The Estrela Mountain Dog is a medium to large dog that typically weighs 50kg. For centuries, this alert and protective breed has been used to guard herds and homes in the Estrela Mountains of Portugal where it was developed. True to its name, this breed can work and guard flocks on the high mountains of the Serra da Estrela in central Portugal as high as 2,000 feet above sea level. This sturdy, well-built dog has a mastiff influence in its blood. Besides its coat, it features a black muzzle or mask, small neatly folded back ears and a hooked-tipped tail. It has a moderately tapered muzzle, large black nose, oval-shaped eyes that display a calm and intelligent expression, straight forelegs, and well muscled loins and thighs. It has oval feet with thick hard pads and tightly closed toes that serve as protection against the harsh cold rocky terrain of the Serra da Estrela. The tail reaches to the hock and is well feathered. The coat of the dog comes in two types, long coat and short coat - both resembling the texture of goat hair.
The long coat variety has a thick outer coat that is slightly coarse to the touch but not too harsh. The hair can either be flat or slightly waved but not curly and lay close to the body. It has a dense lighter coloured undercoat which acts as a weather-proof protection. The hair on the head is short and smooth while the hair on the neck and chest is thick and forms a distinctive ruff. Besides the tail, long featherings also adorn the forearms, thighs and rear pasterns while the front of the legs have short smooth hair.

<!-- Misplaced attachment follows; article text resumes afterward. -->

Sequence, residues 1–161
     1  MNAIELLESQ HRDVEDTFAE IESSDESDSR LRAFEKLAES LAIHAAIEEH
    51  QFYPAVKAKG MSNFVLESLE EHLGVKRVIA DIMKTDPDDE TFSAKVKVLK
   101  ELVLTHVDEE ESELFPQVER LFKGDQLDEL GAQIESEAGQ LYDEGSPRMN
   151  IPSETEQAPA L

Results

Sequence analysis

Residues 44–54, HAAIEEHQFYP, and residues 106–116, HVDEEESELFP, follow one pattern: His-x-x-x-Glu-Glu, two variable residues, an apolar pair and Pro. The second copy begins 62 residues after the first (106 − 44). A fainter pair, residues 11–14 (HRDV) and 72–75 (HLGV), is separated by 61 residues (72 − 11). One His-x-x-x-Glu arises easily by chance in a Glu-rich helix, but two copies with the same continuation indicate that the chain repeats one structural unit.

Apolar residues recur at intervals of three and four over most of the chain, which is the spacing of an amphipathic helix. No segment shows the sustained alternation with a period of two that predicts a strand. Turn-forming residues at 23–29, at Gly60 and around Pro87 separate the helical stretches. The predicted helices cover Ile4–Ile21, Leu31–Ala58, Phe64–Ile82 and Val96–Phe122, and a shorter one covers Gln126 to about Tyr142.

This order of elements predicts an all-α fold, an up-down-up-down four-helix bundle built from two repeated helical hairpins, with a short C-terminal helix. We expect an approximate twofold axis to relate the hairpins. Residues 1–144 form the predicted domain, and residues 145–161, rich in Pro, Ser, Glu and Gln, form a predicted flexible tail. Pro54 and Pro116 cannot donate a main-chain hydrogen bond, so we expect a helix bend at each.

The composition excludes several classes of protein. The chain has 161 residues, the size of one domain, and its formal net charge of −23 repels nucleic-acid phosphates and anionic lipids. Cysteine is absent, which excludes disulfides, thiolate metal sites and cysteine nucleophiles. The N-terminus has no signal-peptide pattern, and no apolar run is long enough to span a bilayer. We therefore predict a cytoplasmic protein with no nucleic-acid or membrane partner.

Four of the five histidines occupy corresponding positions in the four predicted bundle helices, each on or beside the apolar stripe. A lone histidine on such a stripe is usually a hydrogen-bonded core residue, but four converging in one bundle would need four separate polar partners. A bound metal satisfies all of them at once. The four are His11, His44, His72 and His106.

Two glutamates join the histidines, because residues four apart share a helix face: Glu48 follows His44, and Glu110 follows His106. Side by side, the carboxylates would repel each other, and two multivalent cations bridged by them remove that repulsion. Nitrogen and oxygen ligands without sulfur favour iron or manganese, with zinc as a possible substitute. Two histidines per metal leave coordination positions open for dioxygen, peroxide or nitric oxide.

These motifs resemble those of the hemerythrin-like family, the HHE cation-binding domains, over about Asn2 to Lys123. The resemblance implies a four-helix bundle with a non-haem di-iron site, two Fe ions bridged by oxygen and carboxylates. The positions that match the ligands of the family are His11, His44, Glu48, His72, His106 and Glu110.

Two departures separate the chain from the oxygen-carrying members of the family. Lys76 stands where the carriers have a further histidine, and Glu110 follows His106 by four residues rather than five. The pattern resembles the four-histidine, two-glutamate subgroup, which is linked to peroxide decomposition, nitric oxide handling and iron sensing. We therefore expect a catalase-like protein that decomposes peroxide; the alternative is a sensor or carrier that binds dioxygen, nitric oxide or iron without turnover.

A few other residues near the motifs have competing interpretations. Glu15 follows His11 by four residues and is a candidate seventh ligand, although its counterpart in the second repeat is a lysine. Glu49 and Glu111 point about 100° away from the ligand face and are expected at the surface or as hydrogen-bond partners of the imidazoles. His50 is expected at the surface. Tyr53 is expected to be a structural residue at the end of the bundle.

The short coat variety has a shorter, dense undercoat with a short and thick outer coat that is slightly coarse but not too harsh. The short coat variety is mostly found in the parched summer lowlands of central Portugal. Recognised coat colours are fawn, brindle, and wolf grey.
The Estrela Mountain Dog is considered to be one of the oldest local dogs in Portugal, with origins dating back to the 16th century. It is known as the Cao Da Serra Da Estrela in its native country and is reputed to not only being the oldest breed in the Iberian Peninsula but also one of the many large guardian dogs of Europe. For centuries, it has been known to guard herds and homesteads in the high plateau of Serra Da Estrela and the nearby lowlands. Since its origin dates back to pre-written history, it is not sure whether this dog’s ancestors were brought to the Iberian Peninsula by the Romans or later by the Visigoths. It’s isolation meant that it was relatively unknown outside of the region which made it endangered until early 1908 to 1919 when a selective breeding program was established to promote and preserve the breed.
The Estrela Mountain Dog arrived in England in April of 1974 when a Mr. Pye of Oporto sent a bitch in whelp in the hope of arousing some interest in the breed. The bitch named Port. Ch. Rogean Augusta gave birth to a litter of seven on the 14th of May 1974 and two of the puppies were sold to Mrs. Marcia Dovey who owned Sturtmoor Kennels. A year later, a young male and another bitch in whelp were also sent to Mrs. Dovey and gave birth to 9 puppies which started the first Estrela breeding program outside of Portugal. From England, the breed spread to different kennels in Norway, Sweden, Holland and eventually throughout Europe. It was officially recognised by the Kennel Club on May 14, 1975.